Gold investors seem to agree: Don’t fight the Federal Reserve.
With the Fed’s next policy meeting looming this week, hedge funds are exiting from gold. Speculators cut their bets on a bullion rally by the most in more than three months. Holdings in global exchange-traded funds backed by the metal are down from a three-year high in August and heading for the biggest monthly decline this year. Aggregate open interest in New York futures is mired in the longest slump since May.
Speculation is mounting that Fed officials, in a statement scheduled for release on Sept. 21, will signal that higher U.S. interest rates are on the way. That’s bad news for gold, which thrives as an alternative asset.
If you followed Phil’s tips – he sold all gold after making some serious gains since the beginning of 2016.
It is seen as a safe haven in a stormy sea and with the impending US elections there may still be a place for some exposure in a balanced portfolio.
However we are seeing the signs of perhaps a much more fundamental long-lasting storm on the horizon.
It seems the current panacea from governments’ fiscal strategy is that of cutting interest rates further to negative levels;
Negative interest rates: What they are and what they mean?
Typically, a central bank will have a reference or benchmark interest rate, sometimes known as the headline policy rate. It determines the rate at which banks can borrow or deposit cash with the central bank.
A negative interest rate means banks are charged when they deposit money at the central bank as part of their regular banking operations. It’s like a penalty for banks and is designed to encourage them to lend to businesses and consumers, get money moving in the economy, and fuel economic activity.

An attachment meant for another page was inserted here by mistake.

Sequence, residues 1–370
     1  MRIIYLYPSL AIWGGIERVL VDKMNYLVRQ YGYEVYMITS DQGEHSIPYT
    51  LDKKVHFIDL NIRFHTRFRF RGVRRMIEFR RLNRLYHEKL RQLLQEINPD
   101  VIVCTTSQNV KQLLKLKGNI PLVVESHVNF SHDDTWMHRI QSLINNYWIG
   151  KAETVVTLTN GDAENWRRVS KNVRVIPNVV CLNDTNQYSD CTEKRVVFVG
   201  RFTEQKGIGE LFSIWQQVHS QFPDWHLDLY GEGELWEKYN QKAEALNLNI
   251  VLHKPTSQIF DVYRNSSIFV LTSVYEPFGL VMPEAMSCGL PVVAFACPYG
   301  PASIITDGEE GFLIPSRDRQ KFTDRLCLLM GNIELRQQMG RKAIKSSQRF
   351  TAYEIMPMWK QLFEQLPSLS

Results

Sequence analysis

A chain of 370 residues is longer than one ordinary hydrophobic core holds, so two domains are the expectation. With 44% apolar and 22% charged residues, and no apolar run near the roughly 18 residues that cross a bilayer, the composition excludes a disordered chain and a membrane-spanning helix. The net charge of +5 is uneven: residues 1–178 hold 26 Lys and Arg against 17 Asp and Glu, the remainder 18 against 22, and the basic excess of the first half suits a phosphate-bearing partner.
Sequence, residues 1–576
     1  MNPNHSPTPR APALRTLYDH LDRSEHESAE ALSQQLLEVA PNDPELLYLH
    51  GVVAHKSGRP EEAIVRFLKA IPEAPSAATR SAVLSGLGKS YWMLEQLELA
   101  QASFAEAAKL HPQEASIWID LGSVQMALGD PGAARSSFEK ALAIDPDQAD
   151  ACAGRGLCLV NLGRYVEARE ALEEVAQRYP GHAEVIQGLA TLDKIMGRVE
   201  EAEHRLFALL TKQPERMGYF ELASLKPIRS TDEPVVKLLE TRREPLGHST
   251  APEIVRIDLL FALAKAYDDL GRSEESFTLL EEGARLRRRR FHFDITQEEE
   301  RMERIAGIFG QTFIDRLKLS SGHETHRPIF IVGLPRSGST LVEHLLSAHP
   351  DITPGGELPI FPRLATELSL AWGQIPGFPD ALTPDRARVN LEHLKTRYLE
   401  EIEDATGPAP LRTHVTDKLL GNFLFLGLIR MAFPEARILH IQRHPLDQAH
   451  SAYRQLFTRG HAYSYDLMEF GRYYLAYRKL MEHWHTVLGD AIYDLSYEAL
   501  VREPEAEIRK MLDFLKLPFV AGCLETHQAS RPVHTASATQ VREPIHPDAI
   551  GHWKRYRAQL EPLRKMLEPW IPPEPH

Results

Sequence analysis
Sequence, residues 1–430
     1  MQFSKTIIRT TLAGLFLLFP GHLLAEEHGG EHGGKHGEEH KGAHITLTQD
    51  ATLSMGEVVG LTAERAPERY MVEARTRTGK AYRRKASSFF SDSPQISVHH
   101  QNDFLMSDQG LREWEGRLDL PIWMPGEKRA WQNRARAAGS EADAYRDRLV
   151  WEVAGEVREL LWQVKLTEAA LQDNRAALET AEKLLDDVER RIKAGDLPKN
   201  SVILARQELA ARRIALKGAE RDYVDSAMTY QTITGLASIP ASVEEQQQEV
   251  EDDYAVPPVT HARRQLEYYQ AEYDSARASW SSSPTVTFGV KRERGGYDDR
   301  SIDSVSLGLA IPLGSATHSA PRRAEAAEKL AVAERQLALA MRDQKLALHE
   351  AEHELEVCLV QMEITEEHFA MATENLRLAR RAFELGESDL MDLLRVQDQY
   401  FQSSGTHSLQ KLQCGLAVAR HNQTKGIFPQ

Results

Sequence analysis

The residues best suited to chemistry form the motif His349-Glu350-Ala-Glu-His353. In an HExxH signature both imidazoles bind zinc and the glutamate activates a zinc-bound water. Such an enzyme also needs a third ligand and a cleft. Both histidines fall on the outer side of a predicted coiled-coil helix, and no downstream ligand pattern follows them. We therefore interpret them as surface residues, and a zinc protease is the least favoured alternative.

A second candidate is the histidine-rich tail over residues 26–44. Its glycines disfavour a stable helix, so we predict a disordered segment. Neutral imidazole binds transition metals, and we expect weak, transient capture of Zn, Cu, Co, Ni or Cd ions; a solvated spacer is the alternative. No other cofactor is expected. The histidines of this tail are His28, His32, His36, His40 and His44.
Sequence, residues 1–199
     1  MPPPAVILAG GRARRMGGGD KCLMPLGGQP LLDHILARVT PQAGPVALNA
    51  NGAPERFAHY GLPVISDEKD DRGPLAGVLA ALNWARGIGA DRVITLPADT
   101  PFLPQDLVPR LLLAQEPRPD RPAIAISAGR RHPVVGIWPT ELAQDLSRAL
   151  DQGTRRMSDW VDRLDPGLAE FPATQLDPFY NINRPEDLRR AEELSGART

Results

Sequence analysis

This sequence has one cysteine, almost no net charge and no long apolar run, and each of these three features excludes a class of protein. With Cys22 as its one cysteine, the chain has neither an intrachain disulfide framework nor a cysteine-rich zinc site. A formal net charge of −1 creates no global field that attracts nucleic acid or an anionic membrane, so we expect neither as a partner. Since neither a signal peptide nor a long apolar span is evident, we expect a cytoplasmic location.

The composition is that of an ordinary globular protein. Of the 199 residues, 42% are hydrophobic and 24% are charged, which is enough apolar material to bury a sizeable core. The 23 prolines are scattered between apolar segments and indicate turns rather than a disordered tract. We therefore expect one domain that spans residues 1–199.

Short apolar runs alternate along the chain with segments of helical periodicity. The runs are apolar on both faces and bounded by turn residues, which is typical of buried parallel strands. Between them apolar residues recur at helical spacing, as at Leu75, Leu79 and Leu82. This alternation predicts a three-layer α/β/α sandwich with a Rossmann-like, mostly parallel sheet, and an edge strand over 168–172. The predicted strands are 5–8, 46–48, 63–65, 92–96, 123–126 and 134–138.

The same principle applies for investors buying negative-yielding bonds: They, like banks, are paying for the privilege of lending. A bond with a negative yield means that the interest and principal payments the investor collects as the bond matures collectively are less than the price of the bond when it was purchased.
Which central banks have set their rates below zero?
Over the last few years, a number of central banks have moved into this negative territory—the European Central Bank, the Bank of Japan, Sweden’s Riksbank, the Norwegian central bank, and the Swiss National Bank. This is new ground for central banks.
Should investors switch to hold physical cash?
It is true that there is no explicit charge to hold physical cash, i.e., banknotes. And by increasing cash’s share in the portfolio, this undoubtedly serves to dampen volatility. But unlike bonds, it provides no counterbalancing effect in a portfolio when equities fall. Furthermore, investors should not ignore the inconvenience, costs, and risks associated with holding large amounts of banknotes.
In practice, especially because central banks are aware that negative rates cannot be pushed too far, it is difficult to think of realistic circumstances when it will be worthwhile for investors to switch any of their portfolio into banknotes.
What about buying positive-yielding long bonds instead?
Alternatively, investors may want to extend the duration of their bond portfolio by concentrating on positive-yielding long bonds. Of course, this will increase the portfolio’s term risk and expose the portfolio to more downside risk when interest rates rise.
What should investors do?
For most investors it will still be appropriate to carry on holding a diversified portfolio, which includes negative-yielding bonds. The main point here is that investors need to consider any changes in their portfolio in the context of their overall long-term investment objectives.
Phil works with The deVere Group. One advantage of working with him is, as a result of deVere’s $10 Bn under management it has access to world leading multi-asset funds that are not available to retail clients.